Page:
Andrew Cuomo Says NY Sports Arenas Can Reopen in Limited Capacity on Feb. 23

Tyler Conway@jtylerconwayFeatured ColumnistFebruary 10, 2021

New York Gov. Andrew Cuomo speaks to reporters during a news conference at a COVID-19 pop-up vaccination site in the William Reid Apartments Saturday, Jan. 23, 2021 in the Brooklyn borough of New York. (AP Photo/Mary Altaffer, Pool)
Mary Altaffer/Associated Press

New York Governor Andrew Cuomo announced the state will begin allowing attendance for concerts and sporting events, beginning Feb. 23.

Events will be limited to 10 percent capacity for any arena with a total capacity of over 10,000 attendants. People who attend the events must have a negative PCR test within 72 hours of their attendance and will be required to wear face coverings and undergo temperature checks on admission.

The New York Knicks announced on Wednesday that Madison Square Garden intends to host "roughly" 2,000 fans per game, starting with the team's contest against the Golden State Warriors on Feb. 23:


Statement from the New York Knicks https://t.co/SFh1irAExR

Madison Square Garden will allow fans to attend New York Rangers games beginning on Feb. 26.

Attendance at sporting events has been banned in New York for nearly 11 months amid the COVID-19 pandemic.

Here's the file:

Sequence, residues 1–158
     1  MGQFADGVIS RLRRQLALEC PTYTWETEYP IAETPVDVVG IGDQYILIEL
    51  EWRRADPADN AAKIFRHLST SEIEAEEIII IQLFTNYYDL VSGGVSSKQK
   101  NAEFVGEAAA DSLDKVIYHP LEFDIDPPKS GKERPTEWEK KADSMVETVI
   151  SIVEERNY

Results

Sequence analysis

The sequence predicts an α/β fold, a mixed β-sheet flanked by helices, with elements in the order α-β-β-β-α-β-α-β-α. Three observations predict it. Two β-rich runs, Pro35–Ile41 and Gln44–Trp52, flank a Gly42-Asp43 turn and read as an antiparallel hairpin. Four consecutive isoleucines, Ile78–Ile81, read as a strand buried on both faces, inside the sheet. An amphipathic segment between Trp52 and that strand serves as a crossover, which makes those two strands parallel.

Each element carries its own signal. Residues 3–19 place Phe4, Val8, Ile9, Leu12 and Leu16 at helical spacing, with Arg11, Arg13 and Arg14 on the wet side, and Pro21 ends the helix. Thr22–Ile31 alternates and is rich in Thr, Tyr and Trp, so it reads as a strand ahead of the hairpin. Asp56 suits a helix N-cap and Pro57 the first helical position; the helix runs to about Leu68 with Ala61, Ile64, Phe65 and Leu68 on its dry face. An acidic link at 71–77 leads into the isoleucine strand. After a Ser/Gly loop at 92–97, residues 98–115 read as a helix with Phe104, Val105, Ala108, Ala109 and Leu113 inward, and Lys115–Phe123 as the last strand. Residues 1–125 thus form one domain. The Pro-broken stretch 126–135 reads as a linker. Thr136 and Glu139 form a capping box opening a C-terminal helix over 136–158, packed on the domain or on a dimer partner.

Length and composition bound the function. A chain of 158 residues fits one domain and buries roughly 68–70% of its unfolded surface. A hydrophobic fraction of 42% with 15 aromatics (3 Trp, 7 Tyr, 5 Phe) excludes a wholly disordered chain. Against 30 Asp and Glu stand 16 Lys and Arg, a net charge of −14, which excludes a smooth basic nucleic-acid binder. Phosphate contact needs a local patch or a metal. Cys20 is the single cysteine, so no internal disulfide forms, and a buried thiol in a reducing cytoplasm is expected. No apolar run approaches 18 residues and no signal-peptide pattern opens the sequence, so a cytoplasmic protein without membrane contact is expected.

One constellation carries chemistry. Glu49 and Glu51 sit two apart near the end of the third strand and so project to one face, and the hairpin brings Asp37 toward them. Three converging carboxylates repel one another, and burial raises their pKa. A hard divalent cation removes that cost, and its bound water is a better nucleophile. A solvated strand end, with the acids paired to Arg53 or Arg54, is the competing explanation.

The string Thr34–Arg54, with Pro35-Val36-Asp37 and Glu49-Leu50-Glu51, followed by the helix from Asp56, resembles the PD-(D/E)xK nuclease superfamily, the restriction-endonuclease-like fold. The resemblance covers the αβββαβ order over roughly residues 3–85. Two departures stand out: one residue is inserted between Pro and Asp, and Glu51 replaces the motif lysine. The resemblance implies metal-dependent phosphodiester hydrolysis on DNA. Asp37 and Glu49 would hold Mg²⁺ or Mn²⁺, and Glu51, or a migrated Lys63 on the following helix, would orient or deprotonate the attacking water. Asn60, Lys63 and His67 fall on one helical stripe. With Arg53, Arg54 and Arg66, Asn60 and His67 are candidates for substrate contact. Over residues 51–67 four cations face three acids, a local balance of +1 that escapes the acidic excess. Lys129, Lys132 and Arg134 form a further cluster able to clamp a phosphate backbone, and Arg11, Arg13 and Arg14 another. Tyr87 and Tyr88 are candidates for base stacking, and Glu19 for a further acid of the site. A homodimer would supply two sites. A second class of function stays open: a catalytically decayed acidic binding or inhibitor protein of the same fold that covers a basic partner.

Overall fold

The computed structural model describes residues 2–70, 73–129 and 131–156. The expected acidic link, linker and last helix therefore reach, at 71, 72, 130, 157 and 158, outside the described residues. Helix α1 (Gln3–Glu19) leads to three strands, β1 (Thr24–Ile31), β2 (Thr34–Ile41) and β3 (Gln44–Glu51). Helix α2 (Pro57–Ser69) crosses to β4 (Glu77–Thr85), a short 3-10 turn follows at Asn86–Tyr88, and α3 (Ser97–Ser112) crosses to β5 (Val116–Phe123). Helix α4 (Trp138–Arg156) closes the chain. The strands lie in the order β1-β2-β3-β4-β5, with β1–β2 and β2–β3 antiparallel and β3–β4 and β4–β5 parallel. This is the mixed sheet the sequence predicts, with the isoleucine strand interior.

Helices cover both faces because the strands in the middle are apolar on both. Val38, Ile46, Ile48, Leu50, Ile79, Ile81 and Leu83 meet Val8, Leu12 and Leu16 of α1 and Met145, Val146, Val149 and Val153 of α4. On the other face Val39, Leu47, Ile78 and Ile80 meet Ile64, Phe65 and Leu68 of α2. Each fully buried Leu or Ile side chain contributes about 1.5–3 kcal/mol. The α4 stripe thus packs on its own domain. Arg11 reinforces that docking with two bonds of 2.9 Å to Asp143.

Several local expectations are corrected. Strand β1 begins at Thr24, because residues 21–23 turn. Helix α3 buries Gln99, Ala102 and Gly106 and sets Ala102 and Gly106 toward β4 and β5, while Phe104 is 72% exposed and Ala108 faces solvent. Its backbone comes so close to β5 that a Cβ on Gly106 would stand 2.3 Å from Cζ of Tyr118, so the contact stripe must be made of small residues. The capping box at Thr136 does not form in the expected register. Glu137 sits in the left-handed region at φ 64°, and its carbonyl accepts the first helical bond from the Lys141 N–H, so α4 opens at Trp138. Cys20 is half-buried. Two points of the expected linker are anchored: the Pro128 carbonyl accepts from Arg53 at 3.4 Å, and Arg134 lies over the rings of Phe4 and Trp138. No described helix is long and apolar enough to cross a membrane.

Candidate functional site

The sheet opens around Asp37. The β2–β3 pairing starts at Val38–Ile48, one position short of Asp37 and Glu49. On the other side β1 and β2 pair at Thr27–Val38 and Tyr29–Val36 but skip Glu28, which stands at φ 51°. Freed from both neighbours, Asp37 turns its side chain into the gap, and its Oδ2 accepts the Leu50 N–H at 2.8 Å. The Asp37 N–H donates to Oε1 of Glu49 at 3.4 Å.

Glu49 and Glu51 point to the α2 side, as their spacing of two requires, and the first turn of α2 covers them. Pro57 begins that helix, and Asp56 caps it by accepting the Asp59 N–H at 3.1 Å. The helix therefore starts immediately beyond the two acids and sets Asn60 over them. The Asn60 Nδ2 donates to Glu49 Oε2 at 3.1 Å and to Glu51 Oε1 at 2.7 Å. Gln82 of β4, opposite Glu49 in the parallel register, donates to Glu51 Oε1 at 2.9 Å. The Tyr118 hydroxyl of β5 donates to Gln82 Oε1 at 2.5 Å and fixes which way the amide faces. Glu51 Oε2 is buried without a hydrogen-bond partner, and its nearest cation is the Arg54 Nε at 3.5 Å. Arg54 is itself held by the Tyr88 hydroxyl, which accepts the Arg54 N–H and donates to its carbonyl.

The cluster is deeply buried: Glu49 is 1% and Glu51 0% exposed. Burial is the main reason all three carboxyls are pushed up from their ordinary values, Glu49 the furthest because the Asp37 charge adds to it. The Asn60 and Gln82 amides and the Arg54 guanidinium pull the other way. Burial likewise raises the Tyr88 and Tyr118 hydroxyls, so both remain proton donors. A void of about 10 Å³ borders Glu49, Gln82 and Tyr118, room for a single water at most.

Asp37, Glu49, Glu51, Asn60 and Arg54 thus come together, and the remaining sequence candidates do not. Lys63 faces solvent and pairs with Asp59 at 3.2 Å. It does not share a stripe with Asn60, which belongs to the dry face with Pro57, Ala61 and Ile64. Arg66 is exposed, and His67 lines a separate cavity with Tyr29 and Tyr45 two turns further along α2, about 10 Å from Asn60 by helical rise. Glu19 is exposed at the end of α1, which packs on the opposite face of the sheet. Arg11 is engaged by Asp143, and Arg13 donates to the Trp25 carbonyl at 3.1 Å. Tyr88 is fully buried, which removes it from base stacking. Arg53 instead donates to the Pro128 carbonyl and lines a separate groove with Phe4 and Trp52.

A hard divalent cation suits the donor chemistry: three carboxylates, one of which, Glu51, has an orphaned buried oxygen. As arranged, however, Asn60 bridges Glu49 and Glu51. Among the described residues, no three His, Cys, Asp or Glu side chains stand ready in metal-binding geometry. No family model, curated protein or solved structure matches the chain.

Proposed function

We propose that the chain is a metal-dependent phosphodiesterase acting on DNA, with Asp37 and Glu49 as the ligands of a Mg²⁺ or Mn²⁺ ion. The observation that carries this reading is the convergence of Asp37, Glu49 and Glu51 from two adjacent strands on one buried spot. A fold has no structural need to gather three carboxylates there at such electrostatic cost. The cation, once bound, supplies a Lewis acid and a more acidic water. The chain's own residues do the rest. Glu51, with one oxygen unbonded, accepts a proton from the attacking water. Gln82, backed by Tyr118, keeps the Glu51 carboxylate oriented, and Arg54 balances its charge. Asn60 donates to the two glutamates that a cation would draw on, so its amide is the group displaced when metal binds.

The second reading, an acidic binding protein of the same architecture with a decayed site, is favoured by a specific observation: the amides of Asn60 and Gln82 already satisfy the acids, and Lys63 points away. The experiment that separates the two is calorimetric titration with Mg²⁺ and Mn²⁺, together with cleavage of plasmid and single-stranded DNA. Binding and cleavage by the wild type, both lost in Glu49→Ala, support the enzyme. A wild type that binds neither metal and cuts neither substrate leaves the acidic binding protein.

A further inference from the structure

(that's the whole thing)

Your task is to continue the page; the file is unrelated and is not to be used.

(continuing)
The issue has been decided on a state-by-state basis and essentially divided down political lines. Most states with Democratic governors, adhering to the advice of medical professionals, have banned fan attendance throughout the pandemic. Most states with Republican leadership have pushed for their states to "open," which has led to those states having limited fan attendance for months.

The Buffalo Bills were granted an exception to host up to 6,700 fans during their playoff run last month. Cuomo, a Democrat, said the state will be using the Bills as an example of how to safely hold events with some fan attendance. 

New York was the state hit hardest at the beginning of the pandemic, particularly in New York City. Cases in the state remain among the highest in the nation, so it's unclear what scientific basis the governor is using to reopen the state with the vaccine rollout still well behind schedule. 

Cases have dropped since a nationwide spike in January but remain higher than they were in the fall and last summer, when New York had banned attendance at games. 


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